Timothy Taylor is honoured to present an exhibition of works by Peruvian artist Jorge Eielson at the gallery’s New York location. Organised in close collaboration with the Archivio Jorge Eielson, the exhibition focuses on the artist’s 'Quipus', a series of knotted, twisted, and stretched canvases that extend into three dimensions. This is the first show of Eielson’s work in New York since his 2016 solo exhibition at Andrea Rosen Gallery. A 'Quipu' by Eielson is currently featured in the exhibition Artist’s Choice: The Shape of Shape, curated by artist Amy Sillman at the newly reopened Museum of Modern Art, New York.
A poet and a visual artist, Eielson is best known for his 'Quipus' series, an exploration of material, form, and communication that he began in 1963 and continued for four decades. The works are conceptual reinterpretations of ancient quipus—a record-keeping system devised by the pre-Columbian Incas of Peru, translated as 'talking knots'—and use shape and colour to convey meaning. Eielson created his contemporary versions of the ancient device in raw canvas that he stretched, twisted, knotted, and then painted in monochrome or polychrome bands, with each hue, knot, and intersection representing a symbol or word. The torsion and tension of the fabric break out of the two-dimensional boundaries of the flat surface, providing space for additional meanings in Eielson’s singular visual and linguistic system.
Eielson presented his first quipus at the 1964 Venice Biennale, one of four Biennales that he would participate in in his lifetime. They caught the attention of Alfred Barr, founding director of the Museum of Modern Art, and collector Nelson Rockefeller, each of whom purchased them for their collections. Timothy Taylor’s exhibition includes examples from 1966 to 1992, as well as works from Eeilson’s related 'Nodos' series, small sculptures made from knotted fabric.
The 'Quipus' and 'Nodos' embody Eielson’s position as both a distinctly Peruvian artist and an engaged member of the international avantgarde. He rose to prominence as part of the Peruvian movement known as 'Generation 1950,' before relocating to Europe, first traveling to Paris in 1948 and then to Italy in the 1950s. In Europe, Eielson came in contact with artists including Lucio Fontana, Salvatore Scarpitta, Cy Twombly, Mimmo Rotella, and Alberto Burri—encounters that provided crucial stimuli for the development of his highly personal visual language, which further evolved with his move to Rome in 1970. At the same time, his work remained tied to his birthplace: 'The quipus define the two opposite shores of his work: on the one hand, his native culture of Peru; on the other, the world and the universe within a cosmic context. His artistic language is a universal and international one... It was the knot— understood as a sign, both ancestral and linguistic, of the tension between matter and the longing for space—that was the heart of his creative process.'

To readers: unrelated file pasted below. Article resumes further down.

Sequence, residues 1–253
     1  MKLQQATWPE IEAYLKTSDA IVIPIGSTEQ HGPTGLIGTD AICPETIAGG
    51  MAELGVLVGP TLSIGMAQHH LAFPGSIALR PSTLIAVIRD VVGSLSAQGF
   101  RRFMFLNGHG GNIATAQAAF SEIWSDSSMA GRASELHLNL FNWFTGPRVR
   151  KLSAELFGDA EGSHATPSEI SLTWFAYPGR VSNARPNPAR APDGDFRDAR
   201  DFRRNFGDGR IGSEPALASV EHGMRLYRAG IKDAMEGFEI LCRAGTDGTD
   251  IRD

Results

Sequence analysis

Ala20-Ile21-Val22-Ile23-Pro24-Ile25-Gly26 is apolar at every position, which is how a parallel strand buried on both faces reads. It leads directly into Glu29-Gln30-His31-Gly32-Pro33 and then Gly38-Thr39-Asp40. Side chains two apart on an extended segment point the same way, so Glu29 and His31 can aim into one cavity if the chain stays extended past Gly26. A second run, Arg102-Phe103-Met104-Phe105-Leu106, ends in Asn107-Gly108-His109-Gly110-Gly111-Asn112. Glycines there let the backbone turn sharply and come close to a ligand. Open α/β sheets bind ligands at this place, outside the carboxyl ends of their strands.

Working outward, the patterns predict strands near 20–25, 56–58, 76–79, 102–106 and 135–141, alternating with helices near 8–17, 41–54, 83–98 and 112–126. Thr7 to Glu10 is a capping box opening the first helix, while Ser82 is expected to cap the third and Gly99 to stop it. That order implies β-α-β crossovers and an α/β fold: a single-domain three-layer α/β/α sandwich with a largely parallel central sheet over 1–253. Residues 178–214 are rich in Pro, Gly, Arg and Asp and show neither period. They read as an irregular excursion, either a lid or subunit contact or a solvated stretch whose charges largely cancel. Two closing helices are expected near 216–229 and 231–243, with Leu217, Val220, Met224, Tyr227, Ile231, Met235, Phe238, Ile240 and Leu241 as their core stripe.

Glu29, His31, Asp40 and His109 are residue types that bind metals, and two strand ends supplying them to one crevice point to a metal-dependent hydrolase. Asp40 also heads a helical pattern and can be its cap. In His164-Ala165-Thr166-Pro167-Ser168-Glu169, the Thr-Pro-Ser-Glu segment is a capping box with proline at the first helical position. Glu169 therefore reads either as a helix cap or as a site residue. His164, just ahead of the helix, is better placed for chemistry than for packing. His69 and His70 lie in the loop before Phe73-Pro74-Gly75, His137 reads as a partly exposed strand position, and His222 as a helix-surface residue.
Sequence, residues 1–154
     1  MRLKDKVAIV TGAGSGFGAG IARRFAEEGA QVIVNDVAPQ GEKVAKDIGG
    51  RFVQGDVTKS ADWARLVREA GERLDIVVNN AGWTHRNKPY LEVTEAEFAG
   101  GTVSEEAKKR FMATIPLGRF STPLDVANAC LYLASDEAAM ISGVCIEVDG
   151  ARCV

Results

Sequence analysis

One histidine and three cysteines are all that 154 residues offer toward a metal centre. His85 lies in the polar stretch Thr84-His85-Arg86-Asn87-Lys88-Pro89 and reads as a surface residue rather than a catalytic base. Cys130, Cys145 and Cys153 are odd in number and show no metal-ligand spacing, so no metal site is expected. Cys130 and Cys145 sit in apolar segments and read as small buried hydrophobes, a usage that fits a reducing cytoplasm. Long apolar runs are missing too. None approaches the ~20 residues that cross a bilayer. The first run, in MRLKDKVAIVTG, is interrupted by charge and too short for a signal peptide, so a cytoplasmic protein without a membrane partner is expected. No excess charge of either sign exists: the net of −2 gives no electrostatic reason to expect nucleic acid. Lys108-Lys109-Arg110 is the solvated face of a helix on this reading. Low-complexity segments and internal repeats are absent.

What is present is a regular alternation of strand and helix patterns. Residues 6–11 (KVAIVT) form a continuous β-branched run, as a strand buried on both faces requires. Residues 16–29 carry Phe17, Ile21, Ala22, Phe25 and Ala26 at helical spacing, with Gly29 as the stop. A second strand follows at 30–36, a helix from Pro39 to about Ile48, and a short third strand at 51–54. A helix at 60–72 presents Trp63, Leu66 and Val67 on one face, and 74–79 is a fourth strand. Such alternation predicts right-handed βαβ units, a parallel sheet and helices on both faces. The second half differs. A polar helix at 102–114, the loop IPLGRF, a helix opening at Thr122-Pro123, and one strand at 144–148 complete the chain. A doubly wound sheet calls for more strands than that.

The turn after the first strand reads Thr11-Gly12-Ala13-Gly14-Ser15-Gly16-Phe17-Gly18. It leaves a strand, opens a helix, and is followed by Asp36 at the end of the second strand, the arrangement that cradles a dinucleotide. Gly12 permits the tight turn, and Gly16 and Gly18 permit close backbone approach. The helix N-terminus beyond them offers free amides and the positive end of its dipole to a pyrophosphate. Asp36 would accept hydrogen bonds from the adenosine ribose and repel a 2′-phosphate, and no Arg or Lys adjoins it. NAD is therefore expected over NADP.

Simultaneously, Eielson’s work is regarded as a precursor to conceptual art. The French critic and theorist Pierre Restany explains the novelty of his knot with respect to the contemporary international milieu of experimentation: 'Eielson’s gesture is different from the appropriating one of the nouveaux réalistes or the manipulative one of arte povera… his gesture is an existential act taken to paroxysm by the physical tension and the concentration of energy. When the artist’s energy is used up, it is because it has been fully transferred to the quipus. The deepest analogy, as Eielson loves to say, is offered by the gesture of Fontana’s infinitely related 'slashes.'
Jorge Eielson was born in 1924 in Lima, Peru. He participated in four Venice Biennales in his lifetime (1964, 1966, 1972, and 1988), with works from his 'Quipus' series first exhibited at the Biennale in 1964, and was included in Documenta V (1972). While best known as a painter, his body of work included poetry, performance, sculpture, and conceptual projects—including a proposal to NASA to bring one of his sculptures to the moon. In 1978, he received a Guggenheim Fellowship for literature. He was an active member of avant-garde communities in his native Peru, Paris, Rome, and New York. Eielson died in his adopted home of Milan, Italy in 2006. His work has been exhibited internationally and is in the collections of the Museum of Modern Art, New York; Museo de Arte de Lima; the Rockefeller Collection; and the Blanton Museum of Art, Austin, Texas, among others. A major retrospective of Eielson’s work was presented in 2017 and 2018 at the Museo de Arte de Lima in Peru.
Press release courtesy Timothy Taylor.